Notes and observations on UM’s 27-19 win against Syracuse:
• A UM source said Mark Richt seemed more excited when Jeff Thomas faxed his signed commitment on National Signing Day than with any other player.
We saw why on Saturday with three impactful plays: the 48-yard touchdown pass on a deftly thrown deep ball from Malik Rosier that made it 20-6; a 34-yard kickoff return; and a 14-yard catch on a slant from Rosier on a critical 2nd and 10 on Miami’s final drive that ended with the Travis Homer 33-yard run.
Thomas has injected badly needed speed and explosiveness that UM didn’t have enough of at receiver when Richt arrived. Speed can jump-start an offense that had gone stagnant, and that’s where Thomas is going to help the next three or four years.
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“He’s a big play guy, super fast,” Richt said.
• Syracuse bottled up Travis Homer for large chunks of this game, but give Homer enormous credit for three solid runs on UM’s final drive (for seven, six and five yards) and then the 33-yarder to put Miami ahead 27-19.
Left tackle Kc McDermott had a terrific block on that run.
• Good work from tight end Chris Herndon, who had 10 receptions for 96 yards and a touchdown and played through a shoulder injury, according to WQAM.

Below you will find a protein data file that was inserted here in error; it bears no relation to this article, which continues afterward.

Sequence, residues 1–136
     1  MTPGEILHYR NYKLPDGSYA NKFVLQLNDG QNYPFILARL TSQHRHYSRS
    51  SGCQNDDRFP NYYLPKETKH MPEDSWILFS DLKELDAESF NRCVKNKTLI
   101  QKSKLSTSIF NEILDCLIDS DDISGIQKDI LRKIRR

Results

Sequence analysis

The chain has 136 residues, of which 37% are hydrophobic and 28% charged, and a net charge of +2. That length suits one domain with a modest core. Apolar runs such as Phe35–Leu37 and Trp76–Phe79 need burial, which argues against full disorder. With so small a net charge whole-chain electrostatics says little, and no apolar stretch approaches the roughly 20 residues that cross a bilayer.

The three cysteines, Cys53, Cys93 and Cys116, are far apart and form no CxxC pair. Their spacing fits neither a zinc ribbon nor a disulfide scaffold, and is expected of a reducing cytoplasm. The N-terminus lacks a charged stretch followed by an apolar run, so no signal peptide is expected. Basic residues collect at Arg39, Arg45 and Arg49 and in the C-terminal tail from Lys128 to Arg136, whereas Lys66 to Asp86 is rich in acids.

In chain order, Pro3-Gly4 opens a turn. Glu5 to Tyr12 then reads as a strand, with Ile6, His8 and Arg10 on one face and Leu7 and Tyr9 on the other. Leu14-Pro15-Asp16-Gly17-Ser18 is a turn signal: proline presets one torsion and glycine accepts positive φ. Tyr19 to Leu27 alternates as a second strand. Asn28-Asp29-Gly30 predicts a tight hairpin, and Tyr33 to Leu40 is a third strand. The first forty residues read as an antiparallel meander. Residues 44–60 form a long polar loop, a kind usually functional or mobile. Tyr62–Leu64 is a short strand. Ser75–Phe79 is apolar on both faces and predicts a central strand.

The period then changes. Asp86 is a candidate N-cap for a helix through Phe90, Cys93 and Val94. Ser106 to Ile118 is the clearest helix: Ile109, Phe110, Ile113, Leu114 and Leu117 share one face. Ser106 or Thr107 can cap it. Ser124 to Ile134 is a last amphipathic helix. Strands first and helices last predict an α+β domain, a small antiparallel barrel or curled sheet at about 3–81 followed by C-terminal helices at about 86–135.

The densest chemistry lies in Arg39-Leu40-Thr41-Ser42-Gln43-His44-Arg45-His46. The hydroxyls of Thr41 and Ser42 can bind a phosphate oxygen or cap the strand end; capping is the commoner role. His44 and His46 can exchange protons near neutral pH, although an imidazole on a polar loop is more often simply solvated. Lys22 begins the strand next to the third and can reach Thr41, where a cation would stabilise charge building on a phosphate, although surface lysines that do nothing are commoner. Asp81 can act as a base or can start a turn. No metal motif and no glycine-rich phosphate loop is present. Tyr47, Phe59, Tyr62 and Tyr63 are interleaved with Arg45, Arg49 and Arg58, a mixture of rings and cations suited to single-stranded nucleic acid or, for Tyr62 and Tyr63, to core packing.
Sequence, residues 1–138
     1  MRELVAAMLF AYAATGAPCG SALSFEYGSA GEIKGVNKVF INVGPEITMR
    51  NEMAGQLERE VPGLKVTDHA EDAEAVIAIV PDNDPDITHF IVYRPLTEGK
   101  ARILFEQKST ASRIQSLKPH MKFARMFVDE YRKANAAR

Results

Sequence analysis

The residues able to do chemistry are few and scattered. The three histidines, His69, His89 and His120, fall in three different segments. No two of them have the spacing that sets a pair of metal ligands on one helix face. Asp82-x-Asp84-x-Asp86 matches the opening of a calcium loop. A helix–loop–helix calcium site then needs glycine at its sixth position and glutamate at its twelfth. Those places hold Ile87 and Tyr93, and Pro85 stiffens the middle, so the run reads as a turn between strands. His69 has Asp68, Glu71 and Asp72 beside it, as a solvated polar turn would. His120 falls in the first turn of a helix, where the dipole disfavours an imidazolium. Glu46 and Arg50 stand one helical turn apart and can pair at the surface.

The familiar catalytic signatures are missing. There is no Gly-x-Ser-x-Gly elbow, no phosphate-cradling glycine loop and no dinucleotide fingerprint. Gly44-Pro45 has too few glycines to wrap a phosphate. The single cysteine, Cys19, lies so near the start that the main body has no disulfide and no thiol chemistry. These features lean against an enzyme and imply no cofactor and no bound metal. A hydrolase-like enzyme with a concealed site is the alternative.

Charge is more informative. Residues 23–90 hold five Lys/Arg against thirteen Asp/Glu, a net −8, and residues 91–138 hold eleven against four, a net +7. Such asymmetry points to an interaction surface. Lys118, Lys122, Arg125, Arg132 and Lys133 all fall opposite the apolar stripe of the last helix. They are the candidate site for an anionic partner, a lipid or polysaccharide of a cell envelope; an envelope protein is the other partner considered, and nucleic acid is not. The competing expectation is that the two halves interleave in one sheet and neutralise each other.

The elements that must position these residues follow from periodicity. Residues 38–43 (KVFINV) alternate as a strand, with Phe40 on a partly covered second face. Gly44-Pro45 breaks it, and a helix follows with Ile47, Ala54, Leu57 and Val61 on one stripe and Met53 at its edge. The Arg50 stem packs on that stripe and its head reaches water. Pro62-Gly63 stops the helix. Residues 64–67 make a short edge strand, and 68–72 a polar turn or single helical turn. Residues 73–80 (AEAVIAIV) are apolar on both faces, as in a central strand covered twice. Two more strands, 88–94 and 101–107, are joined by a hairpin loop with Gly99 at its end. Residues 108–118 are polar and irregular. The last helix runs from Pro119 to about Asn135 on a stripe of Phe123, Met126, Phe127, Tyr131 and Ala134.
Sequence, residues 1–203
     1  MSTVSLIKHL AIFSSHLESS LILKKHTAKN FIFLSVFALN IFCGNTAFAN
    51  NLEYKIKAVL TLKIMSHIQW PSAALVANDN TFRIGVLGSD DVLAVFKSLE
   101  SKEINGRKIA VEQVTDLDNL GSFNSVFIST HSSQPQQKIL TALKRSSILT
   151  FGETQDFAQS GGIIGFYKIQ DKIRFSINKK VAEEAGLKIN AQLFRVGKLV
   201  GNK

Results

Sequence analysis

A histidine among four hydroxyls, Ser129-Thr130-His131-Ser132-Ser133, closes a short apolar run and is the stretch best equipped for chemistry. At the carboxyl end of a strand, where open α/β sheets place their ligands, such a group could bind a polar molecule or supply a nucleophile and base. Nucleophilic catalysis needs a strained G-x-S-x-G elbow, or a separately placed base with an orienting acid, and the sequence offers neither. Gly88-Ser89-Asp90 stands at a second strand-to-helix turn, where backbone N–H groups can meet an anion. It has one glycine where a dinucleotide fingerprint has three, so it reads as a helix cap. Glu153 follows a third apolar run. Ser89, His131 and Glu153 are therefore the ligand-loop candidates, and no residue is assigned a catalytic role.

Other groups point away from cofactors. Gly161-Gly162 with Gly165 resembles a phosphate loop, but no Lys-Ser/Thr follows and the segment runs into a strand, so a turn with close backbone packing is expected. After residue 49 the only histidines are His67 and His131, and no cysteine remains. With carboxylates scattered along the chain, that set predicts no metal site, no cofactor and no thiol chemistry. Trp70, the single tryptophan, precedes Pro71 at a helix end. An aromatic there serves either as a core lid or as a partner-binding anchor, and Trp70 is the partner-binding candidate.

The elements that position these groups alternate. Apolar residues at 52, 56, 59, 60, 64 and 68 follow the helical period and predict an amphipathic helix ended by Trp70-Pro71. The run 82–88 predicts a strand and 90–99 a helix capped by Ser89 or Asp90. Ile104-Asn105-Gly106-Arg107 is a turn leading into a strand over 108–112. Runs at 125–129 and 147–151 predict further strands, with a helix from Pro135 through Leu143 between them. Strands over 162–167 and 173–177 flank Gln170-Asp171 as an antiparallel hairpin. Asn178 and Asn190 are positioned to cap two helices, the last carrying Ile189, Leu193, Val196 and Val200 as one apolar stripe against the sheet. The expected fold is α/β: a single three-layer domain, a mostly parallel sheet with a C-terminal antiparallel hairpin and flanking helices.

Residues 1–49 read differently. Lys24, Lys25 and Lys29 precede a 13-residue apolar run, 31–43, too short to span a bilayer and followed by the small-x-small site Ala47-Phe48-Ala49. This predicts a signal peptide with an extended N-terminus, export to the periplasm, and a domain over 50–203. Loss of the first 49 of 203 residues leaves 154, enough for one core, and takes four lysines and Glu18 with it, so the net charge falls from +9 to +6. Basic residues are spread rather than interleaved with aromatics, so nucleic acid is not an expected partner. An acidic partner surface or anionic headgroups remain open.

“He was in the right place at the right time,” Richt told WQAM.
UM has no reliable depth at tight end; even Scott Patchan - a converted defensive end - got in the game Saturday but forgot to turn around quickly enough on a throw from Rosier.
• Rosier, incidentally, was outstanding, closing 26 for 43 for 344 yards, numbers that would have been even better without five drops, including four by Ahmmon Richards.
• Every game, we see the value of having a mobile quarterback in college football.
Rosier ran nine times for 45 yards, fooling Syracuse on several of them.
Rosier and Homer (20-95) were the only players who got carries for UM.
• Richards, as usual, made a difference with six catches for 99 yards and persevered through ankle and hamstring injuries.
Rosier said he told Richards not to worry about the drops and “make plays for me.”
“He would have had two touchdowns if he had hung on to those bad boys,” Richt said. “We’re not mad at him. We love Ahmon.”
• Darrell Langham didn’t play a lot but as usual, made a critical catch on Miami’s final drive, a 19-yarder. Braxton Berrios and Dionte Mullins also had a single catch, for 22 and 11 yards, respectively.
• This shouldn’t be understated: UM has committed only three turnovers all season, fewest in the nation.
• Rosier told WQAM’s Don Bailey Jr. that Bennie Blades spoke to the team and said “you guys remind me of a lot of our 1986 team - the team our defense models itself after.”
• UM’s defense can’t put together a full game against strong ACC competition but always seems to stiffen when needed.
Syracuse ran 93 plays for 399 yards, including 189 yards rushing in the second half after 75 in the first half.
But there were huge plays on the Orangemen’s final three drives:
1) After Syracuse, down 20-13, had a first and goal, Demetrius Jackson and Trent Harris sacked Eric Dungey on successive plays, and Joe Jackson then tackled Dungey for a minimal gain, forcing a 45-yard field goal.